The shear strength of soil is a crucial property since it controls bearing capacity as well as stability of the foundation system of a civil engineering structure. The strength chosen for comparison purposes is the unconsolidated undrained triaxial compression test (UU CTC). The size of the sample used for the strength tests was 5.1 cm in diameter and 10.2 cm long. The samples were compacted at the field dry density of 12 kN/m3. Results shown in Fig. 5 indicate that at low confining pressures, the strength of the contaminated soil was less than that of the uncontaminated one, while at high confining pressures; the strength was a little more than that of the uncontaminated one. The increase in the strength of the oil mixed clays could be attributed to the agglomeration of particles in the presence of oil. Thus the fabric for which the strength tests were conducted was F-2 (contaminated clay fabric). At low confining pressures, the strength was found reduced due to the formation of large-sized particles, the specific surface area decrease less, consequently there is less cohesion, which is obvious from the Mohr-Coulomb envelope (Fig. 5). At high confining pressures, the strength is relatively high, showing the dependency of the strength of contaminated clay on confining pressure.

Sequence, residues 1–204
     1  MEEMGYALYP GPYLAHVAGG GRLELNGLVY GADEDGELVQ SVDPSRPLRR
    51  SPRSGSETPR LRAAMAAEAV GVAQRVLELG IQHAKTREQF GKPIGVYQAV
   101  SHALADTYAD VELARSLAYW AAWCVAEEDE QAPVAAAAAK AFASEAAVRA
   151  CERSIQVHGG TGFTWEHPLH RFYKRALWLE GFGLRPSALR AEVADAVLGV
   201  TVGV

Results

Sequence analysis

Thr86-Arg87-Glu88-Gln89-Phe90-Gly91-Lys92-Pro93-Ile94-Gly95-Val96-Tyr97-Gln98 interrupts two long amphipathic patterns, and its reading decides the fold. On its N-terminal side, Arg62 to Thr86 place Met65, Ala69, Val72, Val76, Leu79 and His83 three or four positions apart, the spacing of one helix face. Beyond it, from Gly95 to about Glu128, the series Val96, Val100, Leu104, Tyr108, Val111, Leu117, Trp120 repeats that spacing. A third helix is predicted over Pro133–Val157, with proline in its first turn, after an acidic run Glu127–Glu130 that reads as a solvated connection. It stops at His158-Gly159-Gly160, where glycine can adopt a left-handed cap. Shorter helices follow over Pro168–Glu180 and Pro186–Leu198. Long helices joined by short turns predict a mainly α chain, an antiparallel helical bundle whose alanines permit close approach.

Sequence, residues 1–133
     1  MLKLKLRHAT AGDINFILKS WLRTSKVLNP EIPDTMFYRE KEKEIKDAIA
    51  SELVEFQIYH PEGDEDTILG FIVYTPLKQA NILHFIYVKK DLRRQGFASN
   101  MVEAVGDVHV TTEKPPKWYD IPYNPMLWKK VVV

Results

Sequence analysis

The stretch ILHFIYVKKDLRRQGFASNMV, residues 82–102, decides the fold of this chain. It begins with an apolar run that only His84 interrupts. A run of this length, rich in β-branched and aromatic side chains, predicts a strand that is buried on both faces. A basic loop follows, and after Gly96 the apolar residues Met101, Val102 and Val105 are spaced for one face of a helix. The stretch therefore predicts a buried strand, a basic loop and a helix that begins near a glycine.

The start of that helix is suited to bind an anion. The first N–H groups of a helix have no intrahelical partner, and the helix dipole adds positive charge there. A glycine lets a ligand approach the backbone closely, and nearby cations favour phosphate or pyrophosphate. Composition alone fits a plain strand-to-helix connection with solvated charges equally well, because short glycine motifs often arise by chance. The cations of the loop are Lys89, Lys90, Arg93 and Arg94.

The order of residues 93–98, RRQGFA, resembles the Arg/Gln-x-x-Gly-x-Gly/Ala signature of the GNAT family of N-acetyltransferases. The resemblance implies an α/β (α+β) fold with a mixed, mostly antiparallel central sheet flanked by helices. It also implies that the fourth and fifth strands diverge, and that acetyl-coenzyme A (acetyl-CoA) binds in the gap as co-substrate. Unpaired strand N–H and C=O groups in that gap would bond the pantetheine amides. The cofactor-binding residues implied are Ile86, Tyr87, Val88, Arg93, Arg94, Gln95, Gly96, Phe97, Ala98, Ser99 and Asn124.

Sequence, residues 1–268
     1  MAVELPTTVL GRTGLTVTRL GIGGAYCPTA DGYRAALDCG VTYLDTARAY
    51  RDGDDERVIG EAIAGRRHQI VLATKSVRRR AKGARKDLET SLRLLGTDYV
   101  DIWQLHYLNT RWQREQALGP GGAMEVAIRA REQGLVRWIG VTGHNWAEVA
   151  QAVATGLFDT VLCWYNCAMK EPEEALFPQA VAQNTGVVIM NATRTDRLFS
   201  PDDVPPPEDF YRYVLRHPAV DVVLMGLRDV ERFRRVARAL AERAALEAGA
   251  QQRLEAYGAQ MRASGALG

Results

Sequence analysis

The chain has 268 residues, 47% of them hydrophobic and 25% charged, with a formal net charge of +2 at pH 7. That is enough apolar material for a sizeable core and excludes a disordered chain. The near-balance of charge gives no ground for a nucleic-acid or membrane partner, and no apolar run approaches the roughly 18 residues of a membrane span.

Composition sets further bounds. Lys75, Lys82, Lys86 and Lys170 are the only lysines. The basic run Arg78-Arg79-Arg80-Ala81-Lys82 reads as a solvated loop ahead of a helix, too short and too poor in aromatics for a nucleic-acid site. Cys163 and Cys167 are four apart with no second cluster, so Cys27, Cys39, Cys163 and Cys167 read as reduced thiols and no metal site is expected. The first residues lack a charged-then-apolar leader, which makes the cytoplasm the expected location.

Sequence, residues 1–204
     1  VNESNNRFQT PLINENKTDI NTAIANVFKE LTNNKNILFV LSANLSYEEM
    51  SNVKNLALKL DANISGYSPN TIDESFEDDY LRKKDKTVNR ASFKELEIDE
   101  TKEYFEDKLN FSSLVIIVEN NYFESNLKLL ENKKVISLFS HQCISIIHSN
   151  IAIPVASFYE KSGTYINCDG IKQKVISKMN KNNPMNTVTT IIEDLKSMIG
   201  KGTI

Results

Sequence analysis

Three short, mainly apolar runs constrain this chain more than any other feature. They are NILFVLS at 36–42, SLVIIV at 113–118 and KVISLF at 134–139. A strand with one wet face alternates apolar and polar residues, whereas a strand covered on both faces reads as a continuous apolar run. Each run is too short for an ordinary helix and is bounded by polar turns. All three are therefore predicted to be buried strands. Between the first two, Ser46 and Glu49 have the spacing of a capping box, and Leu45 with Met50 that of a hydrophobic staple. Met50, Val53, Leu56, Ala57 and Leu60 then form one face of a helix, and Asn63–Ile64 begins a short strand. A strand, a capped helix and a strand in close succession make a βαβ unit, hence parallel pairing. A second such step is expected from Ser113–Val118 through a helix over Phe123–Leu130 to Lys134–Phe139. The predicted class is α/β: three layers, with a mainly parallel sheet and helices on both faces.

Figure 4. Moisture-Density relationship for
the Uncontaminated and Contaminated Clay


Figure 5. Mohr-Coulomb Envelopes for
Uncontaminated and Contaminated Clay


Compression and Swelling characteristics

One dimensional consolidation testing was used to study the volume change behavior of the uncontaminated as well as contaminated clay. A consolidation ring of 7.0 cm diameter and 1.91 cm height was used in the testing. Samples for consolidation, swelling and swelling pressure tests were prepared at the field dry density of 12 kN/m3.